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By Brady Henderson ESPN

 

 

 

The Seattle Seahawks‘ decision to extend Tyler Lockett for three years and more than $30 million this summer was met with some initial skepticism.

No one questioned whether Lockett was a player the Seahawks should keep in the fold. He’d been a productive part of their passing game and their special teams for his first three seasons, not to mention a model teammate and employee. But some observers wondered if he was worth a price tag that makes him one of the NFL’s highest-paid No. 2 receivers.

Wonder no more.

 

Lockett has scored a touchdown in all but one game this year while establishing himself as the Seahawks’ best big-play threat. And if you’re counting all the positive developments of their 4-3 start, you’d have to include the fact that Lockett is having the best season of his career.

“He’s showing who he is,” said Doug Baldwin, Seattle’s long-time No. 1 receiver after the Seahawks’ win over Detroit. “Tyler’s been a very consistent player since he came into the league. He’s been obviously very explosive and fast, but he’s now showing the ability to catch the football consistently. That’s huge. You can say that about a lot of receivers, but when it comes down to it, who are the best receivers when the ball is thrown to them? How many times do they come up with the catch? Tyler’s up there. I’m just proud of him. He’s been through a lot just to get to this point so I’m really proud of his success right now.”

It’s an ascension that the Seahawks were expecting when they gave him a $30.75 million deal shortly before the season instead of letting him play out of the final year of his rookie contract.

The $10.25 million average of Lockett’s extension ranks 21st among receivers, according to Spotrac.com. That was hard for some to reconcile with Lockett’s offensive production over his first three seasons. According to ESPN charting, he ranked 50th among receivers in catches (137), 49th in receiving yards (1,816) and tied for 58th in touchdown receptions (nine) during that span.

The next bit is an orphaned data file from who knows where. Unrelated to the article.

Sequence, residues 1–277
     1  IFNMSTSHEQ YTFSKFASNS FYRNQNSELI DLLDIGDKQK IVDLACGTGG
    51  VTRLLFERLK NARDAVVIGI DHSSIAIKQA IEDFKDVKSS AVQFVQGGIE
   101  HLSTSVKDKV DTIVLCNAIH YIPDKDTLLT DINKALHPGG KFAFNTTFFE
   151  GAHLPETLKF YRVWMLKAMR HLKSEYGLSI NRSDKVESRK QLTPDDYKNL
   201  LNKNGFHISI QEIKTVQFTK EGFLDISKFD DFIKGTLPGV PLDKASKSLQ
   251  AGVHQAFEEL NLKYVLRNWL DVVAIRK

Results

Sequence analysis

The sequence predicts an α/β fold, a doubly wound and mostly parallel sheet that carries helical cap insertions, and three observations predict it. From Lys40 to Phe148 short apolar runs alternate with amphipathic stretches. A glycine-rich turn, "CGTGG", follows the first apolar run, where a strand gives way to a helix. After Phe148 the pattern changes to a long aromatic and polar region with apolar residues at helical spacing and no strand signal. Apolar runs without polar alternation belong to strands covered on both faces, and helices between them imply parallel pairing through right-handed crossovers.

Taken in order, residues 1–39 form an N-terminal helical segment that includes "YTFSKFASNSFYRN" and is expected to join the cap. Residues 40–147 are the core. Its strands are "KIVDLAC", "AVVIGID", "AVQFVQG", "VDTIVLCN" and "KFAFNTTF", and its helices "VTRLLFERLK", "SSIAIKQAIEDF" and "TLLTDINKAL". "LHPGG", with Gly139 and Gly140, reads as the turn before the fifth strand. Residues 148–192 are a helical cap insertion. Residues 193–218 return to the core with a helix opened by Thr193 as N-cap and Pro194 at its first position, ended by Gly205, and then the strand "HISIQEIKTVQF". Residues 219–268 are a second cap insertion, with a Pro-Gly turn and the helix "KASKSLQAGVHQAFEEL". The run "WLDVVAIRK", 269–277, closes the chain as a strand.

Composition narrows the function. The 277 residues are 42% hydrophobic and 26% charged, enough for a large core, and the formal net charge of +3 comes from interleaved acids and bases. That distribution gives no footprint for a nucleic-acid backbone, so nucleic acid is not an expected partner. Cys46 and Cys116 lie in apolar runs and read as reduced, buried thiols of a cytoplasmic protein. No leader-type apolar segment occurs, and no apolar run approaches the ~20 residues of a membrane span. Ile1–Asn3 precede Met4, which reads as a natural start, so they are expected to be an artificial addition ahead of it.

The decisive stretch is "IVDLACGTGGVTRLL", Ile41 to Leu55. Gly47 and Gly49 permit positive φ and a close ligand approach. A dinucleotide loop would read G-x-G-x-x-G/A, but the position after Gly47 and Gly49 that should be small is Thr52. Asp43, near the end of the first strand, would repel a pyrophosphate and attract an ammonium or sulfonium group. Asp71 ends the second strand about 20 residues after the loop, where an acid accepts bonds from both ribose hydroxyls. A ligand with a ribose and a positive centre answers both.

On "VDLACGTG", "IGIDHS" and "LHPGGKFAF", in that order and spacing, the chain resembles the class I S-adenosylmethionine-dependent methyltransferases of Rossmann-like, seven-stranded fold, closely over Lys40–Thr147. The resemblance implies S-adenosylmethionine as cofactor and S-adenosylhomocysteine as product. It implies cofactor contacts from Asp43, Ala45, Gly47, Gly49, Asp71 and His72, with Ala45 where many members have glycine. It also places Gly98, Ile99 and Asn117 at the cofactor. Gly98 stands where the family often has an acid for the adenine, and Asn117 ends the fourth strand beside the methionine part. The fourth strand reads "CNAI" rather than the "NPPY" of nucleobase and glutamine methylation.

But the notion that Seattle overpaid Lockett based on his receiving production to date was misguided. A team doesn’t pay a player strictly for what he has done so much as it makes a calculated bet that the player will at least sustain his level of production or, in this case, increase it. The Seahawks believed that Lockett was an ascending player. He only turned 26 in September and had shown all offseason that he had regained the speed that was missing when he came back last year from a badly broken leg.

Plus, the Seahawks had just seen the wide receiver market yield $8 million a year for Paul Richardson, who had played behind Lockett in Seattle. Albert Wilson got the same amount while two other receivers whom Lockett had outproduced — Marqise Lee ($8.5 million) and Donte Moncrief ($9.6 million) — got more. So the Seahawks had to conclude that Lockett would have been considerably more expensive to re-sign after this season, especially if he had the type of year they thought he would.

That’s looking like a good bet.

Lockett’s six touchdown catches, tied for third-most among NFL receivers, already matches his career-high from his rookie season. His 25 receptions, 394 yards and 15.8-yard average put him on pace to top his previous bests as well.

And he has done that while playing in the confines of an offense that is more geared toward the run than any in the NFL. According to ESPN charting, Seattle’s dropback percentage of 49.5 is by far the league’s lowest.

On throws to Lockett this season, Russell Wilson has an 80.6 percent completion rate, a 12.71 yards-per-attempt average, six touchdowns to zero interceptions and a perfect passer rating of 158.3, according to ESPN charting. He has been the team’s most productive receiver with Baldwin off to a slow start that has included two and a half games missed because of a knee injury.

None of this would have been easy to imagine last season, when Lockett was still working his way back from the compound leg fracture he suffered on Christmas Eve in 2016. He played in every game in 2017 — an accomplishment on its own, to be sure — but he wasn’t himself.

“He wasn’t the same in terms of the way he could prepare on a daily basis,” coach Pete Carroll said this week. “He had always been the guy that was on the field first and off the field last. He couldn’t do that because he had to get ready just to practice day after day. He did everything he could and was diligent about the way he worked, but he just wasn’t free. It broke my heart to see him not be able to be that guy because that’s just the person that he is and the competitor that he is. He came back this year, he’s raring to go. He’s off to a fantastic start to the season.”

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